COIMBATORE: With textile imports seeing a sharp increase in the past few months, the industry is blaming GST for the rise stating that lower import duties are leading to overseas fabric and garments flooding the Indian market. Cotton fabric imports surged 45% in July, was up 29% and 12% for August and September respectively. Import of textile yarn, fabric and made-ups increased 12% year-on-year in October to $153.9 million, according to estimates.
Pre-GST, import of textile products attracted basic customs duty (BCD) plus countervailing duty (CVD) and special additional duty (SAD). Post-GST, CVD and SAD have been withdrawn and IGST (Integrated GST) was introduced. “Unlike CVD and SAD, IGST is fully adjustable against GST liability on sale of the imported product. Recognising the problem and threat of imports flooding the market, the government recently increased import duty on MMF(man-made fibre) fabric from 10% to 20%. However, the import duty on MMF yarn and cotton fabric have been kept at old rates,” said Sanjay Kumar Jain, chairman, Confederation of Indian Textile Industry (CITI).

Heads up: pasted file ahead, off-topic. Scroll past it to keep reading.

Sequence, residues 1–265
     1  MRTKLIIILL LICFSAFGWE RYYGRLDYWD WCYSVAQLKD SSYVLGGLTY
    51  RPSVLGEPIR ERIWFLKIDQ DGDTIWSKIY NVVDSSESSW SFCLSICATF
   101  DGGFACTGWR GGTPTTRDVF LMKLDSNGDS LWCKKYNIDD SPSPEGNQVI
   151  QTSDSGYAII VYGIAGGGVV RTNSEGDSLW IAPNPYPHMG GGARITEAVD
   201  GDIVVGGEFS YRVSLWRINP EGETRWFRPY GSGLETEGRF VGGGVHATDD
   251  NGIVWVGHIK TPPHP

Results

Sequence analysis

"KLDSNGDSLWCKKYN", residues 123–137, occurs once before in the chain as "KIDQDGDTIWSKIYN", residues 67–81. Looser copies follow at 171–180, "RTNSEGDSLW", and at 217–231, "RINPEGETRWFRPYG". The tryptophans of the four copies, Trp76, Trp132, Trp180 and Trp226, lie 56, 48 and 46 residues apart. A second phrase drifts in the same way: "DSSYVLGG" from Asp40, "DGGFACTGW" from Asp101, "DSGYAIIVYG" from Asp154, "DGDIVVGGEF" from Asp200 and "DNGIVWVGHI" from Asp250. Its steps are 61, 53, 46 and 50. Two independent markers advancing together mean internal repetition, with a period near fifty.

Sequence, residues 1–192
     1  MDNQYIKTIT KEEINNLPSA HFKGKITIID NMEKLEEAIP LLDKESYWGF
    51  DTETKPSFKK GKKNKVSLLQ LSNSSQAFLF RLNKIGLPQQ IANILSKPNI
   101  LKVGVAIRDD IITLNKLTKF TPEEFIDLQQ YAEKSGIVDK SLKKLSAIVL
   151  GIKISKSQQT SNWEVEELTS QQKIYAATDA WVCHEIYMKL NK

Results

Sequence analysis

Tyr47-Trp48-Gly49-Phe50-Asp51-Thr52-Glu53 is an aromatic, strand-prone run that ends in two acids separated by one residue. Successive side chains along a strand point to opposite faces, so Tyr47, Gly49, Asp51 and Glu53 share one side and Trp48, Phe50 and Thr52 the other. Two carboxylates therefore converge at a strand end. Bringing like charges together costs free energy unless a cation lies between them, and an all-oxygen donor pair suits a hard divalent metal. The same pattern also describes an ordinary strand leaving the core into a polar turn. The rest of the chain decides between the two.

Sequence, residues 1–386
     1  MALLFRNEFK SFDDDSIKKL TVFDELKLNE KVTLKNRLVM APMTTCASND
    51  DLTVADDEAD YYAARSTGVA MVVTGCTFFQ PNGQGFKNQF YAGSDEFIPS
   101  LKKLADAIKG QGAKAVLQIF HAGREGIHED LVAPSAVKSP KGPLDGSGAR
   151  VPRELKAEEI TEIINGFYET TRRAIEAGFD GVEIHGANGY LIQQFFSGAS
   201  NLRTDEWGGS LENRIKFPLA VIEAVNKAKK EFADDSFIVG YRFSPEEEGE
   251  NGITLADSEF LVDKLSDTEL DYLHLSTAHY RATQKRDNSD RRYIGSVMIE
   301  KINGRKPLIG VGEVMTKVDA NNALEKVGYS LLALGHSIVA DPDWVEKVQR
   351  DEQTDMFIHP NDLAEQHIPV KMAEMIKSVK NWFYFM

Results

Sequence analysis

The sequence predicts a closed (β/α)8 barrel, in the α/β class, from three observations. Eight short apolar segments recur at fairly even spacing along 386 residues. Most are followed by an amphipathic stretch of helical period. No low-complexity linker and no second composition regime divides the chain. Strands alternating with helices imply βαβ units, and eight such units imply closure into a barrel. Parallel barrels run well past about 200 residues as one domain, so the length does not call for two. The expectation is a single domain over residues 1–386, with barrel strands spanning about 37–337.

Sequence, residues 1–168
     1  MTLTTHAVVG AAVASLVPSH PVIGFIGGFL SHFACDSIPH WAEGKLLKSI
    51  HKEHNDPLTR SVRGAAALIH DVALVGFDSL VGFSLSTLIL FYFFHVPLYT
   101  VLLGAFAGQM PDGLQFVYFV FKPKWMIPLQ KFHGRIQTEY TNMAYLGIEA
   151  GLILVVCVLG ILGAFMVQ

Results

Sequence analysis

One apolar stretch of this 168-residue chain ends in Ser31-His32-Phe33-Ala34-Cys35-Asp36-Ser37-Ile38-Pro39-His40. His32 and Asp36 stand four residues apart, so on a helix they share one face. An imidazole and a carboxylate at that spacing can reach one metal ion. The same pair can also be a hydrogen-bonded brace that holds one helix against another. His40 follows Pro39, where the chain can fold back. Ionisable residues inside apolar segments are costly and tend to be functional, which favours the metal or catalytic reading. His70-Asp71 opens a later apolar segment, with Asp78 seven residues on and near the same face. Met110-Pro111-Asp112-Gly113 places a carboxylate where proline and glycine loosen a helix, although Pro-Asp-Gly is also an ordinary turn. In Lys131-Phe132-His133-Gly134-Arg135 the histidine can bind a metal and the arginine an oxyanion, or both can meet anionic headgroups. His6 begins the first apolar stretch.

“In the pre-GST scenario, import of garments from Bangladesh was attracting Rs 77 a piece (where MRP is Rs 999 a piece) and Rs 116 a piece (where MRP is Rs 1,500 a piece in the shape of CVD plus education cess and thereon,” CITI said. “However, in the post-GST scenario, there will be no cost for import of garments from Bangladesh. Similarly, in the case of import of garment from other countries, the cost has been substantially reduced by Rs 77 a piece and Rs 116 a piece where MRP is Rs 999 a piece and Rs 1,500 a piece respectively,” it said.
“Hence, the Indian garment industry will face stiff competition from imported garments, especially from Bangladesh where production cost is already lower than India,” CITI said. The textile body has urged the government to increase import duty on MMF yarn , cotton fabric and MMF fabric by 15% to protect the local yarn, fabric and garment producers from cheap import threat, especially from FTA (free trade agreement) nations like Bangladesh and Sri Lanka.
“There is a greater needto impose safeguard measures such as ‘Rules of Origin’, ‘Yarn Forward and Fabrics produced from countries like China routed through these countries,” Jain said.